I decided to bypass the terminal block in the payphone and just connect a standard phone line into the Protel board with the other end connected to a known-working analog telephone adapter (ATA) I had around. I didn’t get a dial tone, so I plugged the cable into the voice jack on my cable modem instead of the ATA. Still, I had no dial tone. I decided to check online and one recommendation I saw was to replace the smart board’s batteries. The Protel 7000 seems to have two batteries: a 3.6V battery for keeping RAM settings and a 4.8V battery that I can only guess is used for operating the coin relay. Luckily payphone.com sells both of these batteries so I was able to order them and replace the dead batteries on the board. After the battery installation I plugged the phone line back into the board and left it that way to charge. Apparently the batteries need to be almost fully charged before the phone will be reliable enough to use, and threads I found online suggested leaving the phone plugged-in and alone for a few days. After three days however, still no dial tone.

The Protel 7000 manual has tests outlined for checking line amperage, battery voltage, and handset continuity when you don’t have dial tone. These tests are easily accomplished by a multimeter, and nothing seemed outside expected results when performing them. I then thought maybe the handset was broken and I knew I had a spare one stored away somewhere that I had found at a flea market in the past. I was able to dig out the handset, but switching it out didn’t work, so my next suspicion was that the Protel board was dead. Doing some research, a replacement Protel board would cost around $80, while a full coinless conversion (replacing the smart board and keypad) would be closer to $120. Aside from the Protel board the only other thing between the telephone line and the handset was the keypad, and replacing that would only cost $20. I decided to try this first with the thought that if this didn’t change anything I could return it and consider replacing the Protel board after.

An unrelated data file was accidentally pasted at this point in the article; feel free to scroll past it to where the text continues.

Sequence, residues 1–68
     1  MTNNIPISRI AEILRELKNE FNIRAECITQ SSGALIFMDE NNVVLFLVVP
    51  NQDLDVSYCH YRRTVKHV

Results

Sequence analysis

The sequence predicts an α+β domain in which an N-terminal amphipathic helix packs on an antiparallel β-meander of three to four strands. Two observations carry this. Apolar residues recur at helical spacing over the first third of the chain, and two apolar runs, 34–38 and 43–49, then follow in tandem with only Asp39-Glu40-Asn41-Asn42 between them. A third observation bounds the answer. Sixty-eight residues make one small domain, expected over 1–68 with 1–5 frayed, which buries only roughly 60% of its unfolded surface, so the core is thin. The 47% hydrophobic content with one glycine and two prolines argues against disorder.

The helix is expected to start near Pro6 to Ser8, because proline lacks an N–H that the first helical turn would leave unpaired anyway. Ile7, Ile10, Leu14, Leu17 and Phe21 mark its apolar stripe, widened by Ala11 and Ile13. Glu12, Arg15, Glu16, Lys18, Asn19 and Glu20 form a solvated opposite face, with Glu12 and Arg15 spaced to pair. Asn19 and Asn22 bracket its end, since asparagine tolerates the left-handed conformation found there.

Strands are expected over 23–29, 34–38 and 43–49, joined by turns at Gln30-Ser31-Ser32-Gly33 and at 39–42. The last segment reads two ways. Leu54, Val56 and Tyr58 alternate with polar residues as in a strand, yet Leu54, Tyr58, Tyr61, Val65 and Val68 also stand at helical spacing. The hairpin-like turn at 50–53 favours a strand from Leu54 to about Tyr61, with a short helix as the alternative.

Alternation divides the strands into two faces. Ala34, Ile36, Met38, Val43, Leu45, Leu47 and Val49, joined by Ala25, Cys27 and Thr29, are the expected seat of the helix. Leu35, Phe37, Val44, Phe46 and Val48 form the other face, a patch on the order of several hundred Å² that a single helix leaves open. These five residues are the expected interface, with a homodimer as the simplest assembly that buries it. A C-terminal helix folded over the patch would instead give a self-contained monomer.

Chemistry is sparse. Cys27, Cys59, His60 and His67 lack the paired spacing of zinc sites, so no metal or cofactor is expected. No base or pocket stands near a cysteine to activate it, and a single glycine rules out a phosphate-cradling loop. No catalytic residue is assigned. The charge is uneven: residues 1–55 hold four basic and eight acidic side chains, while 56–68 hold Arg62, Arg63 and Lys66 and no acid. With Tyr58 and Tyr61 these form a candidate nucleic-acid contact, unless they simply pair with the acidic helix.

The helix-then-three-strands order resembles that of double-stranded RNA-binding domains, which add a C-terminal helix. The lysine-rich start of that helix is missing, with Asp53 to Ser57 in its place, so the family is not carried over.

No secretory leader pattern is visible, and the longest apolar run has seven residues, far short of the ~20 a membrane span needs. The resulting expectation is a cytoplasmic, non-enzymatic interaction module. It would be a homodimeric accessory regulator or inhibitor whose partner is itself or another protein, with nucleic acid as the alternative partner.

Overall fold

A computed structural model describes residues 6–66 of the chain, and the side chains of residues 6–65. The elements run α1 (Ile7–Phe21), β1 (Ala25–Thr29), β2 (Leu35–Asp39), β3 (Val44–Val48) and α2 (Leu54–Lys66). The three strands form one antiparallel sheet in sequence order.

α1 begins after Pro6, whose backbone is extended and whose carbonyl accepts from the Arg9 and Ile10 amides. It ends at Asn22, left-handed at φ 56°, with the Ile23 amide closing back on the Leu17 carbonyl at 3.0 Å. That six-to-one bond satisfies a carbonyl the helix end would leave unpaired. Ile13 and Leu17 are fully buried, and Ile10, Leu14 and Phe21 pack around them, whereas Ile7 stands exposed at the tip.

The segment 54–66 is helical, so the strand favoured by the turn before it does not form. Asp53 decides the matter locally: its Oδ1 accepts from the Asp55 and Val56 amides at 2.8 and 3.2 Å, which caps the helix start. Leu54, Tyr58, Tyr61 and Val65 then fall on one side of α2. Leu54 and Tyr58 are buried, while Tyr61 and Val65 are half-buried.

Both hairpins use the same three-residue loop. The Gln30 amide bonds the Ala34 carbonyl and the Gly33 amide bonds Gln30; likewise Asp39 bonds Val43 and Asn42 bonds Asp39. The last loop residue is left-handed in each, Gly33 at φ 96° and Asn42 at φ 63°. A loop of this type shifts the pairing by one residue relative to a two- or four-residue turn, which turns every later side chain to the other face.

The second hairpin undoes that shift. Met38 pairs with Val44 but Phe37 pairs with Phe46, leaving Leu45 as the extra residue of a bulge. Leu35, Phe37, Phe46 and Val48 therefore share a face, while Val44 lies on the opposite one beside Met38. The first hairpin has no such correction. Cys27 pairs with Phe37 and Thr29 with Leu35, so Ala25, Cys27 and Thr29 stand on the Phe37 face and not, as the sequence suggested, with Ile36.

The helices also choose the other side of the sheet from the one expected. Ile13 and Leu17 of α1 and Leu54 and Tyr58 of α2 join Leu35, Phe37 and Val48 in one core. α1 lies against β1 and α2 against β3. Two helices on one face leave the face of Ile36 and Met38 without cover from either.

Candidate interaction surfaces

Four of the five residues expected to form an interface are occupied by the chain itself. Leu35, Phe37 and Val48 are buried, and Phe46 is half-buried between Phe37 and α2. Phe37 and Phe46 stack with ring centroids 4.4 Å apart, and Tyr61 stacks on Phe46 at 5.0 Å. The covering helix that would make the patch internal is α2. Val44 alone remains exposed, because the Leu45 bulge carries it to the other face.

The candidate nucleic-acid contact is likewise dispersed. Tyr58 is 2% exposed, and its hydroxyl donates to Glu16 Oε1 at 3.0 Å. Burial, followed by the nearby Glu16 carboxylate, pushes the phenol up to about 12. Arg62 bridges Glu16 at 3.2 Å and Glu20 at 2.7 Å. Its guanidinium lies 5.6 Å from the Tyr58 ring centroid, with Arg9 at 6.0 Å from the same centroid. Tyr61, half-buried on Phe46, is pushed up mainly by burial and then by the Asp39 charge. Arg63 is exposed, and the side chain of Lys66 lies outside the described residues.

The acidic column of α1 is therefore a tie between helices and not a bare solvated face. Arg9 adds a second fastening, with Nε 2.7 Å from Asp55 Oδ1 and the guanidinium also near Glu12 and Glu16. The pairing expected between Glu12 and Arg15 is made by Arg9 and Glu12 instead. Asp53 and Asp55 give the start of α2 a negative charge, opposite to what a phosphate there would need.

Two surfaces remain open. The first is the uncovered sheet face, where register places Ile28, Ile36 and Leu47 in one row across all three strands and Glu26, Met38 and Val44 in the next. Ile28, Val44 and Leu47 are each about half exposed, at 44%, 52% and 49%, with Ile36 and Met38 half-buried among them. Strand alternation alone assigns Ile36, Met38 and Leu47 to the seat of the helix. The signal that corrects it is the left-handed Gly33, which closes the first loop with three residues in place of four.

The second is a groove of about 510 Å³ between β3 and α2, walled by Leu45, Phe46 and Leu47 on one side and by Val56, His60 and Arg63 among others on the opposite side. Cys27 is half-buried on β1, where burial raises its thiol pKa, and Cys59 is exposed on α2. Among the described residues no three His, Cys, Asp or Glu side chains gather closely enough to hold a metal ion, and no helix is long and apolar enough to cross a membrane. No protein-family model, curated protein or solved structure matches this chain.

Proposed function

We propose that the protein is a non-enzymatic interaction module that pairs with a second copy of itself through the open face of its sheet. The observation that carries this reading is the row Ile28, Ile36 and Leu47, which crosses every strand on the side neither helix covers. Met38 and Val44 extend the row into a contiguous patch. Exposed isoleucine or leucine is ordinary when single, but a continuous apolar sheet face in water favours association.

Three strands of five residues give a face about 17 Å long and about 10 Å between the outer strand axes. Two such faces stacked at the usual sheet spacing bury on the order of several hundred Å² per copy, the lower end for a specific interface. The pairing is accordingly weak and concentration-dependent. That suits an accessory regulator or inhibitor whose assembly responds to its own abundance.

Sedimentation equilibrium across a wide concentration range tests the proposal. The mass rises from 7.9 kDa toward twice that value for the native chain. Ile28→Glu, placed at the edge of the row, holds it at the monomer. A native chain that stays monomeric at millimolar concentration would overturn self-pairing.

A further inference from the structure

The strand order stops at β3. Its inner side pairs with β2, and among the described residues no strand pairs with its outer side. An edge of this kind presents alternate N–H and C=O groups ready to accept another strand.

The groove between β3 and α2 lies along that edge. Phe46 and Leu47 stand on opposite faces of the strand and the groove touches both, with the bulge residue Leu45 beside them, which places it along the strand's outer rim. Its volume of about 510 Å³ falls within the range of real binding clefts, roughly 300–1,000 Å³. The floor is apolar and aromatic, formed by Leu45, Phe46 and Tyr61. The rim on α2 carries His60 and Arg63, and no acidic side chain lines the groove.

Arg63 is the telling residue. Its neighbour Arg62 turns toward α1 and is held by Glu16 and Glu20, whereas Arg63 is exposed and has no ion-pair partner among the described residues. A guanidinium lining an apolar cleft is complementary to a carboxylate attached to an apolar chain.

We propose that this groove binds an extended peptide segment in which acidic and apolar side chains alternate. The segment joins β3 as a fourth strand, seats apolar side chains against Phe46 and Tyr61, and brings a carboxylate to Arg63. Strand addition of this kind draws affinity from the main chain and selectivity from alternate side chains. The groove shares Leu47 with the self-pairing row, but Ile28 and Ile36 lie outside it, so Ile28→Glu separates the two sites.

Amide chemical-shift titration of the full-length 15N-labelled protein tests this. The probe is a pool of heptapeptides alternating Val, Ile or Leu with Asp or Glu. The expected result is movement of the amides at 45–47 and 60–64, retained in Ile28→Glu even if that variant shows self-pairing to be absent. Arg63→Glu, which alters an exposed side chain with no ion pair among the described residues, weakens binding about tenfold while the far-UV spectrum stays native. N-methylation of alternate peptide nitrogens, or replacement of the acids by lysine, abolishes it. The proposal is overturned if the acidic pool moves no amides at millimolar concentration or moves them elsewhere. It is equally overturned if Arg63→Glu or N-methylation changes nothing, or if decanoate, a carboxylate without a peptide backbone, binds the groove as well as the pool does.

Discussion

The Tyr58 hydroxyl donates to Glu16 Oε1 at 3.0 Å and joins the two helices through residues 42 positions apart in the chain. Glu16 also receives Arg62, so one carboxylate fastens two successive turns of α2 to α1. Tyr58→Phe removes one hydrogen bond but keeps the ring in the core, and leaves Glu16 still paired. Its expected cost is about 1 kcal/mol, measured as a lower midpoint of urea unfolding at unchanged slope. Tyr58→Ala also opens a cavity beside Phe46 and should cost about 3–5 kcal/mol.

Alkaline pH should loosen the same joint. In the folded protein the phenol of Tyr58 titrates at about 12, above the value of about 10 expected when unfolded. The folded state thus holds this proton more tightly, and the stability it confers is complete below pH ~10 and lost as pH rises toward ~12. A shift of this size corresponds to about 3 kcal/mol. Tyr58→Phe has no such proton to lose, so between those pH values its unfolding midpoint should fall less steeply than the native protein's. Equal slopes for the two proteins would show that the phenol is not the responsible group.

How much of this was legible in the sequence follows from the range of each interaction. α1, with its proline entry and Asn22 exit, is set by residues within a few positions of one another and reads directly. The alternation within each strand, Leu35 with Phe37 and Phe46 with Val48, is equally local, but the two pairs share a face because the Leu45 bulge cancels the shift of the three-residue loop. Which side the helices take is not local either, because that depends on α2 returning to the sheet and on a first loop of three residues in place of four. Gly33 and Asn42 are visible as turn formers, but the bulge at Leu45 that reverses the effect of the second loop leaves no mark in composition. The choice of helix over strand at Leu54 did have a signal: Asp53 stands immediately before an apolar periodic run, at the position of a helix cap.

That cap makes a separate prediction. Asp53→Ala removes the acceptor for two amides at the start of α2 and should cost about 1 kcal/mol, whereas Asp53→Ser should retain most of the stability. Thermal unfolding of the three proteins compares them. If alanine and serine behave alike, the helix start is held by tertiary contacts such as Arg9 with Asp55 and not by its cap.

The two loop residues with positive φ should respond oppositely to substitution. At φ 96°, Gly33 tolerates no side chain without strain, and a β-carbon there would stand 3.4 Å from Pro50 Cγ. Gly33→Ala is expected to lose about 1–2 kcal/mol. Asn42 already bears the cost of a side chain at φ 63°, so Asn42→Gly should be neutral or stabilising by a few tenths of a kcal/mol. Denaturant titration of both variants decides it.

The upper housing separates from the rest of the phone. The handset and keypad are mounted here.

The keypad interfaces with the Protel board through a DB-25 connector (thought not every pin is used) and the assembly has easy-to-use connections for the handset and volume controls which makes installation painless. After swapping out the new keypad I now had audio, but no dial tone. This was a partial success, something changed! Instead of a dial tone, I kept hearing voice say “Error 1” repeatedly. Some online searching later and I found that this was a RAM error and I needed to reinitialize the phone. This makes a lot of sense since the batteries had been dead for a while and the previous configuration was lost. This is a fairly easy process: First, you hold down the Program button on the Protel board and take the handset off hook. At this point you should hear a beep. Afterwards, dial 00XXXXXXXXXX where XXXXXXXXXX is the ten-digit phone number of the line the phone is connected to (but I don’t think this really matters or needs to be accurate). After this, you’ll hear another beep and at that point the phone has default configuration.

The keypad in the back of the upper housing has connections for the handset and a ribbon cable feeds to the Protel board.

I’m not entirely sure exactly what default configuration entails when it comes to call cost, but I certainly don’t want to put money into this phone for testing considering I don’t have a key to the coinbox to get my coin back. Toll-free calls however are always… well… toll-free and incur no cost, so I dialed the trusty MCI ANAC number 1-800-444-4444 and sure enough my call connected and read back my telephone number!

The phone now definitely “works” but there is still more to be done. Next up, we will program in rates and discuss locks!